Grandma Cora's Life and Legacy

Grandma Cora's Life and Legacy by Marilyn McMillian Cole 0578688395 9780578688398
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The daughter of a Confederate Civil War veteran, Ida Tekoa Mixon was born in Pickens County, Alabama on New Years Day 1884. Her father Benjamin Franklin Mixon married Mary Caroline Shackelford soon after his release as a prisoner of war in a Union camp at Memphis at the wars end. Eleven children were born to their union. Ida Tekoa was the ninth child, but four had died as infants prior her birth and two little brothers died while yet young children. Living with her parents for ten years after the other children married, Ida and her parents developed bonds of harmony and faith. Renter farmers, they moved frequently and her education ended at about fourth grade. So when she married Robert W. McMillian after a brief acquaintance, her tools of preparedness was composed primarily of a trusting heart, a firm belief in God and a love for his Word, and a thorough acquaintance with hard work and frugality. Twenty-seven years her senior, Robert had a large bottom-land farm and four teenage sons from a previous marriage. Or was it five sons? In the sixteen years of their marriage Ida Tekoa, or Cora, as she was later called, like her mother gave birth to eleven children. She was blessed that all eleven lived till their late teens. Her first born son died in an industrial accident at seventeen. Two months later, her oldest stepson took his own life. Sixteen months later, her second son, then also at seventeen years of age, apparently couldnt deal with life on the farm and took his own life as well. Farming was a lot of hard work and for very meager income. But for every new growing season, there was the hope that the acres could yield more abundantly, the prices for the crops would be higher, and the farm debts could be paid off. The youngsters were typically listed on census enumerations as farm laborers from age seven till they left home, and growing cotton, corn, sorghum, ribbon cane and a kitchen garden for the family table involved so much work there were hardly enough daylight hours to get the tilling, planting, cultivating, harvesting and storing or marketing of the products completed before it was time to begin again for the next growing season. Then when farming profits were at lowest ebb Grandfather Robert became seriously ill and died in 1932. When the status of the farms financial status became clear to Grandma Cora, she turned again to the only resources she knew intimately. Faith in God, the promises of his Word, love for her family, how to till the soil, and an expectation to work hard. She left the farm and she an her children struggled for the two decades to find a home and earn their bread. Sometimes they did, but sometimes it was just turnip greens with corn pone and lots of water for extra pot liquor. The basic ingredients for Grandma Cora, faith and trust in God, integrity, frugality, and hard work were what she knew. Those were enough to help her find a way through the rugged paths, and in the process, teach her young children to embrace those same values into the fiber of their souls. What a legacy she left to all of us.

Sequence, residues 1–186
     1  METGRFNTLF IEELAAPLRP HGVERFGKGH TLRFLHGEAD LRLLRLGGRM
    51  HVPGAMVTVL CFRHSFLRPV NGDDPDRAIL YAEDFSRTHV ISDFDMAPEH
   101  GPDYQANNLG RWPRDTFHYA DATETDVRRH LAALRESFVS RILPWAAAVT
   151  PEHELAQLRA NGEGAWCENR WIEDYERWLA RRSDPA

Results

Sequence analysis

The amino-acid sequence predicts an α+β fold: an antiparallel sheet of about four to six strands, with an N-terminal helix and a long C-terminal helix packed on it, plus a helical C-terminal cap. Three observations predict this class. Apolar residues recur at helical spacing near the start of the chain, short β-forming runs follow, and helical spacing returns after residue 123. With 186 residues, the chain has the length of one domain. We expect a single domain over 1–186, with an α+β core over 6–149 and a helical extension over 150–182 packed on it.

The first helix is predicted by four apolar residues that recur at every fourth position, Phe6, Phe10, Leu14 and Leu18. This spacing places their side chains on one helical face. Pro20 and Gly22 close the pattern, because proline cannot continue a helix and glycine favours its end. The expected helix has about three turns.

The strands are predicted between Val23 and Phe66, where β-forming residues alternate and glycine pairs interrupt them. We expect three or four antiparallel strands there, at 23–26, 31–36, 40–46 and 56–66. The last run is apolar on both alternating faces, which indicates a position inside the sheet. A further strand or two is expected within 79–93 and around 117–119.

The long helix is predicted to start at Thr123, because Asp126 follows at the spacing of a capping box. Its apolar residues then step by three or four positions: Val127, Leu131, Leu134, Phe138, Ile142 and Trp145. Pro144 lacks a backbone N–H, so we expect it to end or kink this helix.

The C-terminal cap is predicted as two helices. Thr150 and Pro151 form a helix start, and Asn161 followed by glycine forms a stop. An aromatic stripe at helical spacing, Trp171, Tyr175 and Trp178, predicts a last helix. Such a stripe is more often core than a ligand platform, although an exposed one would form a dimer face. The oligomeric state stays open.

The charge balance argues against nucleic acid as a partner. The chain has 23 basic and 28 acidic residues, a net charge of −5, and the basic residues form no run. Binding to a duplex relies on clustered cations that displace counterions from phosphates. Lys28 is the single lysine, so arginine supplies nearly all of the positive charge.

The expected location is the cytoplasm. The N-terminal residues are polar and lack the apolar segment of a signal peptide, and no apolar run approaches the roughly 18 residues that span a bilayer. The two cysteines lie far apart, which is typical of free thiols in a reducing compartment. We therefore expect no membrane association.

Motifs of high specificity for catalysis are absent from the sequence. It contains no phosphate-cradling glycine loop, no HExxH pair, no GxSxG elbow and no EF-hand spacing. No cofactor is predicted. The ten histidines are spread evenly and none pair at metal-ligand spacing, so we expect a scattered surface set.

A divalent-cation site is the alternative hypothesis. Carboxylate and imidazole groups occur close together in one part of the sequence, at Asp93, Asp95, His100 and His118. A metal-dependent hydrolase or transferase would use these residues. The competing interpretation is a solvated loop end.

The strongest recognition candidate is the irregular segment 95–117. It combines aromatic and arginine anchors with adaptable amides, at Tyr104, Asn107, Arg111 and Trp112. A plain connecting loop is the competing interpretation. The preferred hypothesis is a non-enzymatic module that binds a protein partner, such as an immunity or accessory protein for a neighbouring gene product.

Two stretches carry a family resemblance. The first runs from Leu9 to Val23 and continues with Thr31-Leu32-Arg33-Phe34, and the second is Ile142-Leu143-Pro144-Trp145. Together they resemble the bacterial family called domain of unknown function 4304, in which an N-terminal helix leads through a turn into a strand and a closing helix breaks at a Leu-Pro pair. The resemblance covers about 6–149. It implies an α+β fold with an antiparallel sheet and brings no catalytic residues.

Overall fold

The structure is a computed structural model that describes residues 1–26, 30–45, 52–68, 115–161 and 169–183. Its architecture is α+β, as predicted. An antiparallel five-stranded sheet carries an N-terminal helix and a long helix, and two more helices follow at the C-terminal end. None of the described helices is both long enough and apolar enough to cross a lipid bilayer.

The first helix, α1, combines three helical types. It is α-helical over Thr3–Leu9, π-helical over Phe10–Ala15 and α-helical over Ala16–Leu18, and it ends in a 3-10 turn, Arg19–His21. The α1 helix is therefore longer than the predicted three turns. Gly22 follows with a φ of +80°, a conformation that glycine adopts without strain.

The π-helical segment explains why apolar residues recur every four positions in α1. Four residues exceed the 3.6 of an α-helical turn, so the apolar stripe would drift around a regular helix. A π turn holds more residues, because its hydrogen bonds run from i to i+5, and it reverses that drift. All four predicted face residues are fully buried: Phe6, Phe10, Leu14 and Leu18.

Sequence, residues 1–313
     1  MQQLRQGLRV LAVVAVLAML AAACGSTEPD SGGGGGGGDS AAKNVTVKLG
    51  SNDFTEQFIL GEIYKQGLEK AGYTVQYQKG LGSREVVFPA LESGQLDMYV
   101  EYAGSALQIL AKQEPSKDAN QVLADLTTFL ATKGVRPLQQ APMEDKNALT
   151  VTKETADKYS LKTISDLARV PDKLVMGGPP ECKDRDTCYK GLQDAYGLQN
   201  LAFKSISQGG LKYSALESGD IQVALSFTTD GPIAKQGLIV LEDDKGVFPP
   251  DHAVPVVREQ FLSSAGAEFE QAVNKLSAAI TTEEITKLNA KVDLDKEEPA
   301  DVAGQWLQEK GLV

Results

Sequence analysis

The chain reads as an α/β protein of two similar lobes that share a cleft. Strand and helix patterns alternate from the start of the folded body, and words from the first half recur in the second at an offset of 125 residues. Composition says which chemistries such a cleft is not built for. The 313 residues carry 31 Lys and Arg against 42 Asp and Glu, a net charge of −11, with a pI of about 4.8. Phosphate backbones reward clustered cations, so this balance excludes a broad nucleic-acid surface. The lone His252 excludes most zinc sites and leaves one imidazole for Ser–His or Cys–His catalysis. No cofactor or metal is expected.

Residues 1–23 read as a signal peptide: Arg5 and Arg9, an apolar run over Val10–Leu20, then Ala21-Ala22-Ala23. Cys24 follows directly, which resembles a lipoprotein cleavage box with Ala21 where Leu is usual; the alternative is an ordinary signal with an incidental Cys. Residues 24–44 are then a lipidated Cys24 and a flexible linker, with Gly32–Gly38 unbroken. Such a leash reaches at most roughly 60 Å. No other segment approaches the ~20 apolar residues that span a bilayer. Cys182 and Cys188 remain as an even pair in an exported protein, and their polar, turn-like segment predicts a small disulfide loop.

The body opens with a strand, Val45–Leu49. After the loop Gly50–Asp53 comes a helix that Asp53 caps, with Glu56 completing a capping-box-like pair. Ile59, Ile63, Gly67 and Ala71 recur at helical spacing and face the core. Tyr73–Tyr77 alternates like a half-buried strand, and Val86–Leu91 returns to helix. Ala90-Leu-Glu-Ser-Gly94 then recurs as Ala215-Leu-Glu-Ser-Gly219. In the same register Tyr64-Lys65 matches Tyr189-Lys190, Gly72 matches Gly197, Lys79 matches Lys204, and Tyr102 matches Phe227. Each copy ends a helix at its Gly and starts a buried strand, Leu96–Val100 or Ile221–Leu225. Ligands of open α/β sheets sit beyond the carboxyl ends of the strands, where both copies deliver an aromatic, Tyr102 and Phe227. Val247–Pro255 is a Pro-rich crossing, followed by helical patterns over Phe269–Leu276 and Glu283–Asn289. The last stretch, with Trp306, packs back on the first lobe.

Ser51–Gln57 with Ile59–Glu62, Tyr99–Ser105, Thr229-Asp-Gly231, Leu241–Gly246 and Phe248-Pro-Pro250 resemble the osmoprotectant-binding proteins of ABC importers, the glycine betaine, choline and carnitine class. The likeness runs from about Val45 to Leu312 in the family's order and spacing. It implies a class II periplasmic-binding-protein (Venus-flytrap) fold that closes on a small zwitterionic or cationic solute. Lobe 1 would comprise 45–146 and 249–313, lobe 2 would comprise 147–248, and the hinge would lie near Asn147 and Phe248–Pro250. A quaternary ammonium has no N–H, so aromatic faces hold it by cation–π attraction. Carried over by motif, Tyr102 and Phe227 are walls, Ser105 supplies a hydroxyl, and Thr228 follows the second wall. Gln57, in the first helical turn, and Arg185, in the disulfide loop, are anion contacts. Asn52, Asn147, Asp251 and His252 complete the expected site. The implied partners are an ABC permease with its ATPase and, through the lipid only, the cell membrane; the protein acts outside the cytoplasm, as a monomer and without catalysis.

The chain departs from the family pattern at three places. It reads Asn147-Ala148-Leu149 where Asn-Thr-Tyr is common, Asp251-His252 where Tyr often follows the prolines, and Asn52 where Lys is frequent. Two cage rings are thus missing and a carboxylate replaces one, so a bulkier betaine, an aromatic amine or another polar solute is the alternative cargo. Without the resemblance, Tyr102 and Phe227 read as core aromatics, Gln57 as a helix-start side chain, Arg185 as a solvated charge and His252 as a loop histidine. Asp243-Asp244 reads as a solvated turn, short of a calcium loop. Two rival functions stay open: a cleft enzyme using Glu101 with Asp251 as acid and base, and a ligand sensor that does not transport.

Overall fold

Author: Marilyn McMillian Cole

Language: English

Binding: Paperback

Pages: 267

Publisher: Marilyn Kay Cole

Publication Date: 2020-05-06


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